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House Democrats Just Told the Pentagon to Redo Its Climate Change Report – Demand new report ‘rigorously confronts the realities of our warming planet’


Earlier this month, the Pentagon released a landmark report that identified the 79 American military installations most vulnerable to the “effects of a changing climate.” The 22-page filing frankly acknowledged the security implications of climate change—in dramatic contrast with President Trump’s very public global warming skepticism—but Democrats roundly criticized its failure to include several details requested by Congress, including specific cost estimates to protect or replace the ten most vulnerable bases from each of the military services.

Now those lawmakers want a complete do-over.

In a letter released Wednesday afternoon, three Democratic members of the House Armed Services panel, including Chairman Adam Smith (D-Wash.), urged acting defense secretary Patrick Shanahan to compile another report by April that “thoroughly and clearly addresses” the criteria requested by Congress.

“They clearly ignored the requirement in the law,” says Rep. Jim Langevin (D-RI), one of the signatories, who had described himself as “deeply disappointed” with the original report. “The report they issued was completely unsatisfactory.” Sen. Jack Reed (D-R.I.), the ranking member on the Senate Armed Services panel, said the report carried  “about as much value as a phonebook.” Smith immediately demanded another report that “rigorously confronts the realities of our warming planet.”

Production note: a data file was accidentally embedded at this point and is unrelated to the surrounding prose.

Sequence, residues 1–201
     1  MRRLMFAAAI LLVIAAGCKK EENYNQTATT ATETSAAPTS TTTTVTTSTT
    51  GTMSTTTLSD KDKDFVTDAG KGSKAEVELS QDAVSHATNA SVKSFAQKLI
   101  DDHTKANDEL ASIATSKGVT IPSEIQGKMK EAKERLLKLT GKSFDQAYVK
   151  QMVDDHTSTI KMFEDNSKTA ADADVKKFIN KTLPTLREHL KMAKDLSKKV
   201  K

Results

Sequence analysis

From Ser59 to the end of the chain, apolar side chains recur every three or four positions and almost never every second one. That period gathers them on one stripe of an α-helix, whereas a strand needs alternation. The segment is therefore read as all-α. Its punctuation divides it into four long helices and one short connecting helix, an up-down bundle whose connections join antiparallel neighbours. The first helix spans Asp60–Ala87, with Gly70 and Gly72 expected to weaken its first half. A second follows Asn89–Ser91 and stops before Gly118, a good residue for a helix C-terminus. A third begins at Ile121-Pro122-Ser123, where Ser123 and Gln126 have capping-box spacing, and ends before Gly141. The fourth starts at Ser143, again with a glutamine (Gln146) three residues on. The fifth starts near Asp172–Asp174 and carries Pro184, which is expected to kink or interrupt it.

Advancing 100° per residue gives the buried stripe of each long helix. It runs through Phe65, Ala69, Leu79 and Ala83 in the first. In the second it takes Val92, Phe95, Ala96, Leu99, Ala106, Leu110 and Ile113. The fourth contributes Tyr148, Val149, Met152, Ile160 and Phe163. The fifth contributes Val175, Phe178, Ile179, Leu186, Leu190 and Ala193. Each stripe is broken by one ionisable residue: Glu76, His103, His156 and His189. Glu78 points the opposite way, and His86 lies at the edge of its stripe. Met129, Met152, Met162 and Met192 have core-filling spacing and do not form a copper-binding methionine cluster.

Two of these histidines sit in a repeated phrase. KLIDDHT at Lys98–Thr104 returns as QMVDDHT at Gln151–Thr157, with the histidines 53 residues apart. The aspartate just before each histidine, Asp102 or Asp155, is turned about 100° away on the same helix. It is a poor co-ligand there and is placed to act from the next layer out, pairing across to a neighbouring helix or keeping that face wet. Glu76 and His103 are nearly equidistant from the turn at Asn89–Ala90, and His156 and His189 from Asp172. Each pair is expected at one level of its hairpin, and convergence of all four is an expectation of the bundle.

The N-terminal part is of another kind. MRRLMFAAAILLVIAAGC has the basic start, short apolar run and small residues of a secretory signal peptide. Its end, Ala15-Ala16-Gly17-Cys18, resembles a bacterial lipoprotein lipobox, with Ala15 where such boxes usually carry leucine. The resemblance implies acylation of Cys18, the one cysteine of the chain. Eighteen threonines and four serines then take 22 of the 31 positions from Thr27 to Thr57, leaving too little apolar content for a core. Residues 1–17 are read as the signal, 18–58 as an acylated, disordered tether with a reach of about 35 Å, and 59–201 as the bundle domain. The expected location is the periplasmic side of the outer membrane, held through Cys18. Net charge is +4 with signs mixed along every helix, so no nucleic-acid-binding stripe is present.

Heather Babb, a Defense Department spokesperson, attempted to explain the priorities, saying earlier this month that Pentagon officials “focused on mission assurance” when compiling the report. “By using this alternative approach, we are able to highlight where there are operational risks,” she said. When asked about the new request on Wednesday, Babb said, “As with all congressional correspondence, we will respond directly to [the] authors of the letter.”

What was omitted in the first report that the Pentagon had a year to compile was striking. No Marine Corps installations were mentioned, for example, despite the fact that just four months before the report was released, Hurricane Florence slammed into Camp Lejeune, the Marines’ biggest base on the East Coast, costing more than $3 billion in damages. Omissions from other branches of the military were just as concerning. Tyndall Air Force Base in Florida, where Hurricane Michael devastated 95 percent of the buildings in October, was not included among the Air Force’s most vulnerable bases.